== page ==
SaaS Business Valuation Multiples (EBITDA & Revenue)

Of all the industries budding entrepreneurs could build thriving businesses in, none of them make for as appealing of exits as SaaS companies do. Do to the scalability, high profit margin and recurring revenue nature of the SaaS industry, Investors are known to pay premium valuations for strong assets.

In this article, we delve into the sometimes opaque and misinformation-fraught world of SaaS business valuation multiples. We’ll explore the many attributes of a saas business that contributes to it having a higher or lower valuation multiple and better understand what that multiple should be applied to. Additionally, we will explore how the impact of the current interest rate environment impacts saas company valuations and valuations of companies in other industries of the economy.

Our aim is not to encourage anyone to sell their saas company, rather it is to help saas business owners make better-informed decisions on how to go about scaling and running their company and the impact it will have on the saas company valuation they can expect, whether that is now or years down the line.

How Valuation Multiples Work for SaaS Companies

A valuation multiple is a way to come up with an appropriate valuation for a saas company. This is true of SaaS companies, in the lower middle market and virtually every other industry, although there are some other valuation approaches for asset-heavy companies, pre-revenue companies, and publicly traded companies.

For SaaS businesses, the valuation multiple is determined by how desirable the business is and applied to either the annual recurring revenue (ARR), or to the trailing twelve-month (TTM) adjusted EBITDA figure to get the final valuation of the business.

Annual Recurring Revenue Multiples, or Adj. EBITDA (earnings) Multiples. Which is Right for Your SaaS Business?

Revenue Multiple Valuations

Revenue, also referred to as gross sales is a measure of how much money the SaaS company generates before subtracting any expenses. While it is uncommon for companies in most industries to trade on a multiple of revenue, it is not at all unheard of with SaaS businesses.

SaaS companies that are experiencing high growth and are heavily reinvesting discretionary earnings back into the business to drive this growth should trade on a multiple of revenue. These companies are typically earlier stage and have higher total addressable markets (TAMs) than companies that trade on a Adj. EBITDA multiples.

Adjusted EBITDA Multiple Valuation

EBITDA is by far the most frequently utilized metric in mergers & acquisitions (M&A). It is the metric that measures a company’s ability to generate cash before it services its debt or pays taxes. The acronym stands for earnings / net income before interest taxes depreciation and amortization.

This is the most meaningful metric to buyers not only because it will determine what their cash yield is on their investment, but because if they can accurately forecast what their Adj. EBITDA will be in 4-5 years, they can then have a fairly accurate estimate of what they will be able to sell the business for. With this information, they can calculate what their IRR on the investment would be and how much they can pay for the business today and still hit their target IRR.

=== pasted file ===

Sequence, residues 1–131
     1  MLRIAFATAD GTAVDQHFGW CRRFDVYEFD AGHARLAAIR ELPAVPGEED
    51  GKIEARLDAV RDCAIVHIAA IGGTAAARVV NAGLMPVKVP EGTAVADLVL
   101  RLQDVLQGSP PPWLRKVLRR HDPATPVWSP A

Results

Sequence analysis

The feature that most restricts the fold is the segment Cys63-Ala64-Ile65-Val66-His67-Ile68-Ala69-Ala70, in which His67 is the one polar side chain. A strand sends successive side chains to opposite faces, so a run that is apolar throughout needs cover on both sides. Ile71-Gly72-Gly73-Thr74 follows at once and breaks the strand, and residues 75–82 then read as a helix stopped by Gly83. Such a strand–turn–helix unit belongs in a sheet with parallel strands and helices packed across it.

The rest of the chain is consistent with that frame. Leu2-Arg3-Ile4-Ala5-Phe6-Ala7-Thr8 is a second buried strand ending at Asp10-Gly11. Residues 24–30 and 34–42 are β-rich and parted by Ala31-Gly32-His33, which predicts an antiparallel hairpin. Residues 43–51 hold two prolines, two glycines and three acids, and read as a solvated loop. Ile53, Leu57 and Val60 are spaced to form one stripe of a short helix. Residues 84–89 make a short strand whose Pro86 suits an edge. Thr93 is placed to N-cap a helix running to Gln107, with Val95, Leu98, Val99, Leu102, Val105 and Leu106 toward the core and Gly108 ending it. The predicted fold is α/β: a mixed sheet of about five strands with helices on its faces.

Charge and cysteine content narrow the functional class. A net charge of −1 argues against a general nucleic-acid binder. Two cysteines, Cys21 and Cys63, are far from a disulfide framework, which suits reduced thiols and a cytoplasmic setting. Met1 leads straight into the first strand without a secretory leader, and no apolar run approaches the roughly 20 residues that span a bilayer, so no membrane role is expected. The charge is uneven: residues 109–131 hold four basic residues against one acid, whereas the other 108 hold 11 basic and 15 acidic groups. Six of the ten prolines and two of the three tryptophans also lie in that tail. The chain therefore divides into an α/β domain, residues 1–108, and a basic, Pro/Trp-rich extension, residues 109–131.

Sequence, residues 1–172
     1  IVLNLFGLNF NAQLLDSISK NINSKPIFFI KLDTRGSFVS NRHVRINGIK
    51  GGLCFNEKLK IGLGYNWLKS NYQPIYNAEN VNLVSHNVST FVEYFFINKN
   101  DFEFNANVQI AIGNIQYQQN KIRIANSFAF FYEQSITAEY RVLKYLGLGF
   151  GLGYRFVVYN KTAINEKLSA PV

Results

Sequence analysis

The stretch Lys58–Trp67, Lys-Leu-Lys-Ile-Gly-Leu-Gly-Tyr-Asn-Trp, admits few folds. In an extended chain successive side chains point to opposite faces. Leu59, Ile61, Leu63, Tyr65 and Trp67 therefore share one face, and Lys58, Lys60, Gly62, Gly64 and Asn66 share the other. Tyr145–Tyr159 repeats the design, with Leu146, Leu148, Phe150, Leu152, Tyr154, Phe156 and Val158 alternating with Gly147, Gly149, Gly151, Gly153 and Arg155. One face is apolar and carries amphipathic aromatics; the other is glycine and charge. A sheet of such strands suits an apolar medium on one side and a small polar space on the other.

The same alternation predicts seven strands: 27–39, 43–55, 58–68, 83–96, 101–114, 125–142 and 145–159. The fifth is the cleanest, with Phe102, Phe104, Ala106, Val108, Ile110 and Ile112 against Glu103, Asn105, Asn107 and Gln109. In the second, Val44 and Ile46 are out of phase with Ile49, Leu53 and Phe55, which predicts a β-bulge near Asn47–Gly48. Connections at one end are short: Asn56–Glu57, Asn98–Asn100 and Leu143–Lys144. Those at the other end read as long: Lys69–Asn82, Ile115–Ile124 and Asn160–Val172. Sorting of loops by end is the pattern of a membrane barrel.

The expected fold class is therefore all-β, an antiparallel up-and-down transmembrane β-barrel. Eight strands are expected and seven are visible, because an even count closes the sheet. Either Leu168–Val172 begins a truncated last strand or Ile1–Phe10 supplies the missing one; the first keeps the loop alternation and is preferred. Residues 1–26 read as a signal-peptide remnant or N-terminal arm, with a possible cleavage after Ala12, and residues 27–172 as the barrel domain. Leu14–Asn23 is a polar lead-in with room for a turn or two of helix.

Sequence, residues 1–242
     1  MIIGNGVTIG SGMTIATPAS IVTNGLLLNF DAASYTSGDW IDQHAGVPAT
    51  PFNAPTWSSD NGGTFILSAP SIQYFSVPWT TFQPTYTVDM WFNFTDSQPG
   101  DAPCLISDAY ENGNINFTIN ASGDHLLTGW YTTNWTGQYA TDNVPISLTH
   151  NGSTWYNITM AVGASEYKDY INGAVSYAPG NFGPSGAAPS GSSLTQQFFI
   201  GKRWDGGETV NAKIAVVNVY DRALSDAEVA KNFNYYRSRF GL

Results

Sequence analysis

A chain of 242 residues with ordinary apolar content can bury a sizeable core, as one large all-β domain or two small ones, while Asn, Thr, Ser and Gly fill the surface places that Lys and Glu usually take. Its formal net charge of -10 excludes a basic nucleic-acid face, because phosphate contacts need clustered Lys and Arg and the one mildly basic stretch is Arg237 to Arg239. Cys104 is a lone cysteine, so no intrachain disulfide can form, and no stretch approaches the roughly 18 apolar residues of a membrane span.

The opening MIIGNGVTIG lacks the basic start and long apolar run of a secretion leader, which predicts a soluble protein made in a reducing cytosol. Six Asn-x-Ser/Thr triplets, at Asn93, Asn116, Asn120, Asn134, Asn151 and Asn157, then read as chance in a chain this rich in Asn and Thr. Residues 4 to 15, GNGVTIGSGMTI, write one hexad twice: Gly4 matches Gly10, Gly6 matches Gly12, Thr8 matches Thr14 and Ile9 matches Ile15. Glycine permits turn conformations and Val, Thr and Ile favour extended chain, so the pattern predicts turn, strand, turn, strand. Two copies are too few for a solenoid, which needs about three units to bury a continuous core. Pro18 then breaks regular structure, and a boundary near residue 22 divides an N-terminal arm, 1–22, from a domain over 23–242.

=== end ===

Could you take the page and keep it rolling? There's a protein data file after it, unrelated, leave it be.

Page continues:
What is Adjusted EBITDA and How Does it Affect Business Valuation?

to calculate adjusted EBITDA, an M&A advisor or investment banker will take the company’s non-recurring operating expenses (one-time legal expenses, buying out an old business partner, etc.) and add them back into the EBITDA figure. Additionally, if the business owner is serving as CEO of the company and is taking more compensation than the future owner will need to pay their CEO, that owner compensation is added back into the bottom line as well to show the true earnings that are available to the business owner.

Note that the term “Seller’s discretionary earnings” is often used as a synonym for Adjusted EBITDA.

Finding the Appropriate Adj. EBITDA Multiple for Your SaaS Company

As mentioned, the multiple for most SaaS businesses is applied to TTM Adj. EBITDA to arrive at the business value and likely purchase price. However, finding TTM EBITDA is a fairly straightforward equation. After performing due diligence, business buyers and sellers can typically reach an agreement on what that number is. Finding a valuation multiple, however, is more art than science. Note that for smaller deals, business brokers may use the term seller discretionary earnings in place of Adj. EBITDA.

Annual Recurring Revenue (ARR) Multiple for SaaS Companies

As previously mentioned, the majority of SaaS companies will sell on a multiple of their Adjusted EBITDA. Only ~20% of SaaS companies will trade on revenue multiples. Of those that do, the majority of them will be low-mid single-digit multiples.

SaaS businesses that trade on a high single-digit or low double-digit multiple of annual revenue are seldom. When they come about, they meet the majority of the following criteria:

  • Only monetized recently and therefore have low revenue.

    • This could be a highly differentiated SaaS company that has a strong development team and strong SaaS product that is being snatched up by a strategic investor or venture capital group right when they started monetizing their product

  • Mission critical B2B saas

    • If you have a highly differentiated SaaS that is dominating a niche B2B market, you’re a contender for a high revenue multiple. This is especially true if the saas products that provide adjacent services to your end market are owned by private equity or venture capital groups.

The More Desirable Your Business is to an Investor, the Higher Multiple They Will Pay